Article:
1908 Edition Sent to us by Richard D. Hamp, 1772 Conrad Avenue, San Jose, California 95124-4501
Before the commencement of his experiments on oil engines, Emile Capitaine had already gained considerable experience in the design of gas engines, to the development of which his work in no small degree contributed. His first oil engine patent dates from 1879, and from that time until 1886, when a further patent was granted, he carried out a continuous series of laborious and costly experiments with a view to devising an engine which would run satisfactorily on ordinary lighting petroleum having a density of about 0.88.
Good results were obtained from the early engine, which worked without either flame or heating tube; but it was found necessary to give each time a full charge, or at the least 75 percent. Otherwise, if the charge were too small or omitted, the vaporizer chamber, which was maintained at the necessary temperature by the repeated explosions, became chilled to too great an extent. From this it will be evident that the engine could only work under certain conditions. Numerous experiments were also made with a view to arriving at a type of engine which would work equally efficiently at full and low loads, the consumption of oil being proportioned to the power developed. Two new patents were obtained for a system of regulating the temperature, but the gear was of too complicated a nature, and finally, after much experimenting, Capitaine adopted the lamp heating system, which has given very good results. In this later type of engine the vaporizer remained always in communication with the interior of the cylinder, but its form was such that even when heated to redness premature explosion of the mixture did not take place, and the formation of carbonaceous deposits on the inner surfaces was entirely avoided.
In the Capitaine engine of 1892-1893, although a vaporizer lamp is provided, it may be dispensed with, as the engine can also work on the pneumatic system employed in the 1886 type, with, as before, the conditions that the charge must not be less than 75 percent of the full amount, and that the number of explosions must not be reduced. Considering the uniformly good diagrams that are obtainable from the Capitaine engine without a heating lamp, when the temperature of the vaporizer varies within considerable limits, all that is necessary for successful working is to enclose the vaporizer and to allow it to retain as much as possible of the heat of each explosion. Above all, it is essential to protect it during the suction period from the contact of cold air or gas at a lower temperature. By observing these conditions Capitaine has succeeded in devising a type of engine which gives excellent results and does not involve the use of a heating lamp. By carefully coating all the surfaces with refractory non-conducting materials, he has also succeeded in placing the vaporizer within the combustion chamber itself. In this arrangement, which forms the subject of a separate patent, a quantity of hot and expanded gas is allowed to pass into the vaporizer by means of a small valve, which opens at the end of the expansion stroke, and closes immediately thereafter, when the large exhaust valve is opened. To start the engine from the cold condition the vaporizer must first be heated by means of a hand lamp for two or three minutes.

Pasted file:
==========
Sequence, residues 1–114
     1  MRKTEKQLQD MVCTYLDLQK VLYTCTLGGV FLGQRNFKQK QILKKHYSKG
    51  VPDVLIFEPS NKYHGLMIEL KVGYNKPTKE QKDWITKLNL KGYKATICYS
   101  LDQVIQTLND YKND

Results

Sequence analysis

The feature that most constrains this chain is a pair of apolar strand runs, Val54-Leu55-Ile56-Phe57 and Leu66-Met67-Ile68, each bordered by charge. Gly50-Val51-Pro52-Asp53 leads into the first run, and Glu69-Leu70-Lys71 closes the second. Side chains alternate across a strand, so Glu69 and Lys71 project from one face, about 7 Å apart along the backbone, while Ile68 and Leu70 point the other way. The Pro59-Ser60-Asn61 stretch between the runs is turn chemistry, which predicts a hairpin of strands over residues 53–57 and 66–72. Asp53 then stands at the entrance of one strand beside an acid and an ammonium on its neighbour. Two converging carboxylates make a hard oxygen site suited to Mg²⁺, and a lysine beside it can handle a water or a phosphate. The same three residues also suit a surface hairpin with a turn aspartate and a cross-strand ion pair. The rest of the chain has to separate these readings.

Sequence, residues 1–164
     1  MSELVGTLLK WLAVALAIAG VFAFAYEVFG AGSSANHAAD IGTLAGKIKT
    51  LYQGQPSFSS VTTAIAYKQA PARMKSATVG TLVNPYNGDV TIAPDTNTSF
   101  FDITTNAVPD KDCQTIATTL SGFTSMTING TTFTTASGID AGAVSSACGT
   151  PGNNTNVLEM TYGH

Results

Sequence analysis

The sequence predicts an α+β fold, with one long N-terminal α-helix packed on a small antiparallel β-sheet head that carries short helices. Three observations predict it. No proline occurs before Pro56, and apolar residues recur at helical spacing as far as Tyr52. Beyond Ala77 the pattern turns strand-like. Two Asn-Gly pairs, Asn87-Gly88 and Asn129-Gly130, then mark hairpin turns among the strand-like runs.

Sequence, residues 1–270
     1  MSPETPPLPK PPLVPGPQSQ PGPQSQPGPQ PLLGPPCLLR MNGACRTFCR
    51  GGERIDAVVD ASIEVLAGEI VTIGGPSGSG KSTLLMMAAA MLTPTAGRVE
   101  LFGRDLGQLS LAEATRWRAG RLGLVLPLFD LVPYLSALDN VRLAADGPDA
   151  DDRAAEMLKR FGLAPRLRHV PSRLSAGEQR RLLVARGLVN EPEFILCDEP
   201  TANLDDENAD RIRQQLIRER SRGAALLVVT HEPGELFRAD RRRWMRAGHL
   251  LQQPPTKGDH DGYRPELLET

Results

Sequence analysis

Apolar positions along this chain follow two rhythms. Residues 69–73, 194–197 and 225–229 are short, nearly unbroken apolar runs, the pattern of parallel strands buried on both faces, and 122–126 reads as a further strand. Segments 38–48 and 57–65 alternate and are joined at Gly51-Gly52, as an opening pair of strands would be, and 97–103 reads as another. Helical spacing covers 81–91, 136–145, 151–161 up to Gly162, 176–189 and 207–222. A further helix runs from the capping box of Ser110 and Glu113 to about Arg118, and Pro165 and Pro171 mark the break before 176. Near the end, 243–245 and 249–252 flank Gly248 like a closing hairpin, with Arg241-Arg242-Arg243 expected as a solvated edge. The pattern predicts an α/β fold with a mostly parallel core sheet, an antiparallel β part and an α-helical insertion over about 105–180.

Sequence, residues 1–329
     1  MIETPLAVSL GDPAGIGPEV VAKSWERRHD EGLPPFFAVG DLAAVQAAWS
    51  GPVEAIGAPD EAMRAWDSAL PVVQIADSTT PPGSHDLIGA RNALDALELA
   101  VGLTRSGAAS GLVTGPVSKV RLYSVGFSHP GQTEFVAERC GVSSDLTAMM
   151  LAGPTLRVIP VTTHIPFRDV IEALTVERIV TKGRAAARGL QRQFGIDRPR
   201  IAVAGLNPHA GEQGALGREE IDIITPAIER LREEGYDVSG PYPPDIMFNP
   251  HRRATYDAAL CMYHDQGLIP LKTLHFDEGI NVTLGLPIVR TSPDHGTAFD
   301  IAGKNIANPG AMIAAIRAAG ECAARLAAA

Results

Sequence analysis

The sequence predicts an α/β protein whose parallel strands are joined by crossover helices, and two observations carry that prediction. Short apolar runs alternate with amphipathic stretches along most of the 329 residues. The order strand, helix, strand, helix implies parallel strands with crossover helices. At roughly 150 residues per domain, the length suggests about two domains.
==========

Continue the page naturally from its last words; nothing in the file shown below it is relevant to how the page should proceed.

The characteristic features of the engine may be summarized as follows:
1. It dispenses with a heating lamp or other similar gear; 2. Only two or three minutes are required for the starting of the engine, owing to certain features in the design of the vaporizer: (a) the limited admission of air; (b) its inclusion in the combustion chamber; (c) the use of non-conducting coverings; and (d) the use of the very hot gases for heating it; 3. The vaporizer is not cooled during the suction stroke; or when explosions are missed for the purpose of economically regulating the speed.
This engine is the same as that already described in the section devoted to gas engines, with the addition of a special type of vaporizer, which enables a combustible mixture of air and oil vapour to be used instead of coal gas. The vaporizer consists of a chamber divided by vertical walls into four canals, through which the flame from the lamp passes upwards to the exit chimney at the top, while a single-acting pump driven by a lever forces a stream of air through a hot spiral passage encircling the lamp chimney. After its passage through the spiral the heated air comes into contact with the oil, a portion of which is entrained and carried over. Instead of the wick customarily used in the heating lamps of other engines the system of feeding the oil by means of a small pump has been adopted, and after the engine is well started the lamp is not required, as the heat of the explosions maintains the temperature of the vaporizer. Various modifications and improvements of this engine have been made since its first appearance, the principal being the reduction of the time required for the preliminary heating of the vaporizer when starting the engine, and the simplification of the valve mechanism. Fig. 384 illustrates a moderate-power type of Crossley oil engine in which any grade of refined or crude petroleum may be readily burned, and other examples are given in Figs. 385 and 386.
Engines of very similar construction are also manufactured by Messrs, Crossley for burning petrol or benzene, as in Fig. 387, which shows an entirely self-contained portable engine of 3? B.HP.